Case number: 180391

Whether TCD was justified in its decision to refuse access to records relating to its audit committee and risk, on the ground that the records are exempt under sections 29, 30, 32 and 35 of the FOI Act 

 

26 April 2019

 

Background


On 5 July 2018, the applicant made an FOI request for the following: (1) a report referred to in a meeting of TCD's audit committee; (2) the most recent audit function risk register; (3) a further report referred to in a meeting of TCD's audit committee; and (4) a risk assessment referred to in a meeting of TCD's audit committee. TCD issued a decision on 16 August 2018, in which it refused access to the records under sections 29, 30, 32 and 35 of the FOI Act. On 28 August 2018 the applicant applied for an internal review. TCD issued an internal review decision on 17 September 2018, in which it affirmed its original decision. On 22 September 2018 the applicant applied to this Office for a review of TCD's decision. 

In conducting my review, I have had regard to the correspondence between the applicant and TCD as outlined above and to the correspondence between this Office and both parties, as well as the content of the records that were provided to this Office by TCD for the purposes of this review. 

 

Scope of this Review

 

TCD scheduled three records in this case. It explained that item (4) is the same record as item (3). The question for me is whether TCD was justified in refusing access to Records 1, 2 and 3 under sections 29, 30, 32 or 35 of the FOI Act.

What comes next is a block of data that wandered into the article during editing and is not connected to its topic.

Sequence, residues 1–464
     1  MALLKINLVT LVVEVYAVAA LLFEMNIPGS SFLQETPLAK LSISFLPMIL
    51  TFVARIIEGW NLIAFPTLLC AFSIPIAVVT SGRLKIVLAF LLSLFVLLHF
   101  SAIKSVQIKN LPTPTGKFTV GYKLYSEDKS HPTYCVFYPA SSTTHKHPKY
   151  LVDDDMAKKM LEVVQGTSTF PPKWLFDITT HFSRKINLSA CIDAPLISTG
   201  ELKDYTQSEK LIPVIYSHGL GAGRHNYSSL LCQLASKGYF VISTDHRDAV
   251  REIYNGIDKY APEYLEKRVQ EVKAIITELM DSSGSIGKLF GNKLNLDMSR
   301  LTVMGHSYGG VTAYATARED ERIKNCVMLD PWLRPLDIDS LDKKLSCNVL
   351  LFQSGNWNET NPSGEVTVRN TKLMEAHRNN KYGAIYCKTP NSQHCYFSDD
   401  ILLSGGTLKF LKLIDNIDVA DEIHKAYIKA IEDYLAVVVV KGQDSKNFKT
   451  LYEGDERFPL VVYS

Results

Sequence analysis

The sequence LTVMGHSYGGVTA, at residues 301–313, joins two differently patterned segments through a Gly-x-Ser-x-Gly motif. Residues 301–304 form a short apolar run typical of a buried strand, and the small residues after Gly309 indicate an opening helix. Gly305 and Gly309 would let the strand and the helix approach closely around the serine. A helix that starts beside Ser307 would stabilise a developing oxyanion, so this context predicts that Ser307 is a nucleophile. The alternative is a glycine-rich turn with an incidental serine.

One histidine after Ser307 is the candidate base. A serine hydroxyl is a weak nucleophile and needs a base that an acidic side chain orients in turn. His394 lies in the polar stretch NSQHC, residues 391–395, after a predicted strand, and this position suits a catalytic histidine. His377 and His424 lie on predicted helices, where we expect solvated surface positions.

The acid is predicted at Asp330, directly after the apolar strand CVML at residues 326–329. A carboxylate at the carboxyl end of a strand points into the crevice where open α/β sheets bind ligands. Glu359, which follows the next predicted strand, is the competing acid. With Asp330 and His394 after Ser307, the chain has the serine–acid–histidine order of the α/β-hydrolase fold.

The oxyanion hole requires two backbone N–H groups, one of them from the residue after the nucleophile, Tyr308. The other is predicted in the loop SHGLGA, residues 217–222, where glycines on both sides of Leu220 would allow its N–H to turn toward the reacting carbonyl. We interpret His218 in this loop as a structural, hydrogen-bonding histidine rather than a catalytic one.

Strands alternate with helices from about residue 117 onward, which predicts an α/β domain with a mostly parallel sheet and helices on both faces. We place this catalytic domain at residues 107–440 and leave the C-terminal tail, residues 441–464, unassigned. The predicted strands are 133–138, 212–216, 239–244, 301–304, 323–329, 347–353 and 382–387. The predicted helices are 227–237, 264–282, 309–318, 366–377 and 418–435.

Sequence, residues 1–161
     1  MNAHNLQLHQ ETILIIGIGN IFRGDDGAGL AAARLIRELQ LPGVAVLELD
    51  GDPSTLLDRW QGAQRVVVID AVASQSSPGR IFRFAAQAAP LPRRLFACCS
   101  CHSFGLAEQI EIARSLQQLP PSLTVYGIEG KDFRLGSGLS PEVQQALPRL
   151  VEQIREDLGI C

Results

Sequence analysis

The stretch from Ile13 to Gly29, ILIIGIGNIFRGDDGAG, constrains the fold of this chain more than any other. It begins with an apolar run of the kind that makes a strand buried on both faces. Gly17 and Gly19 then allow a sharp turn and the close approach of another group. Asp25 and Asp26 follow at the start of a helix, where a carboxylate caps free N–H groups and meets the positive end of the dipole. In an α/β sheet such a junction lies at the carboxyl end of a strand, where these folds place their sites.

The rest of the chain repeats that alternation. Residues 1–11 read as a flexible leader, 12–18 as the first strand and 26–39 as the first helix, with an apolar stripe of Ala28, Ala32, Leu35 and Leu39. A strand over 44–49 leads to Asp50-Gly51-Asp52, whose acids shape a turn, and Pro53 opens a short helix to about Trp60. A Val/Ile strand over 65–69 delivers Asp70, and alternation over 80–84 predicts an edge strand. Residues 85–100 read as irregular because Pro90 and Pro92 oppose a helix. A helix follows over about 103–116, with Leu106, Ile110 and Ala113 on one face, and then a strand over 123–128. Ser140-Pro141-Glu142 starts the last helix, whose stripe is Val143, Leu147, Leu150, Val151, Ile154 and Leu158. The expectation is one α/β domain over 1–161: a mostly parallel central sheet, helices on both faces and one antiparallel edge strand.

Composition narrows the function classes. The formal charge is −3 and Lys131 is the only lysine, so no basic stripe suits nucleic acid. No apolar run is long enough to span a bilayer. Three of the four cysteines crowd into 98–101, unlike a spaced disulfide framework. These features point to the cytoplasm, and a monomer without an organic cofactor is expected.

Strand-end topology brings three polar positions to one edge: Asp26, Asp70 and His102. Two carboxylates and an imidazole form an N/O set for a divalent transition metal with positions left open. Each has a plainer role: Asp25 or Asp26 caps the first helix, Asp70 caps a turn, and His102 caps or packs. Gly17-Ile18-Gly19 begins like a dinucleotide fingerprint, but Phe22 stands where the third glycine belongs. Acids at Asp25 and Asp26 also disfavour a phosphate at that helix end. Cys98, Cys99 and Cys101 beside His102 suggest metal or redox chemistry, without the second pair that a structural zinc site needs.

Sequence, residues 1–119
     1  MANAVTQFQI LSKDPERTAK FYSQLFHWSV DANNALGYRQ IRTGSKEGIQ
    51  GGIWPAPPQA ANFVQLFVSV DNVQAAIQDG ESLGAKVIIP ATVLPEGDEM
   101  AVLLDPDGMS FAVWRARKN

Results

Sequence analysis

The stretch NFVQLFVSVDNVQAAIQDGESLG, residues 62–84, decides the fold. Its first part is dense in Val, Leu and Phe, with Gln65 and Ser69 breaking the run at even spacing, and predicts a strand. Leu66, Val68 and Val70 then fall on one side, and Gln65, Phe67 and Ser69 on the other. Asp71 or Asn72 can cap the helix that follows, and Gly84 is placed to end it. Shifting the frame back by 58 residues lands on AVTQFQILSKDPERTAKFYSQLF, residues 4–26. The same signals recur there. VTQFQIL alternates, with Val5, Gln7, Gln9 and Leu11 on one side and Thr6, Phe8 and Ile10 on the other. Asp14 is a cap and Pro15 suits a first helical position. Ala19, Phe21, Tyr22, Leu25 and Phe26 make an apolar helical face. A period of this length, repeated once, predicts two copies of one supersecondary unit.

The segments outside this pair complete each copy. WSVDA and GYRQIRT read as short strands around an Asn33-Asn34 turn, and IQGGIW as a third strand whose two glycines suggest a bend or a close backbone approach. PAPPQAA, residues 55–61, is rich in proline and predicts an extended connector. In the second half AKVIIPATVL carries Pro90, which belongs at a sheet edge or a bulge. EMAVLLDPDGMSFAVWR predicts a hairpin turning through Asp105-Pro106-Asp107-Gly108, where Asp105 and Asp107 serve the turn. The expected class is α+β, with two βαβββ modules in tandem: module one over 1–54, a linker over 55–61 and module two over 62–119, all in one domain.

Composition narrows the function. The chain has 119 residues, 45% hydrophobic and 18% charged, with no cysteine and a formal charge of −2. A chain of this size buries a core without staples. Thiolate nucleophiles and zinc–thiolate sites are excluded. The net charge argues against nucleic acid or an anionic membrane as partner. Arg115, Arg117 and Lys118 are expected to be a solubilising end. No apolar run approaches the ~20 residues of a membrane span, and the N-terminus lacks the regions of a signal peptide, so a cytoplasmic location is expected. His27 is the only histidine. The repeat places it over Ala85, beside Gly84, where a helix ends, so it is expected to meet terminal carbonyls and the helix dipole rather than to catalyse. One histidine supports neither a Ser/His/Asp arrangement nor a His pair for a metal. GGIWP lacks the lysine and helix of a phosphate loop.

Preliminary Matters

 

While I am required to give reasons for my decision under section 22(10) of the FOI Act, I am also required to take reasonable precautions to prevent disclosure of information in an exempt record, under section 25. This means that the extent to which I can describe the records at issue is very limited.

 

Analysis and Findings


At the outset, I should note that TCD's submissions on the records overlapped in places, despite the different content of each record. I refer to the most relevant points of its submissions in relation to particular records.
Section 32(1)(a)(i) - Law enforcement and public safety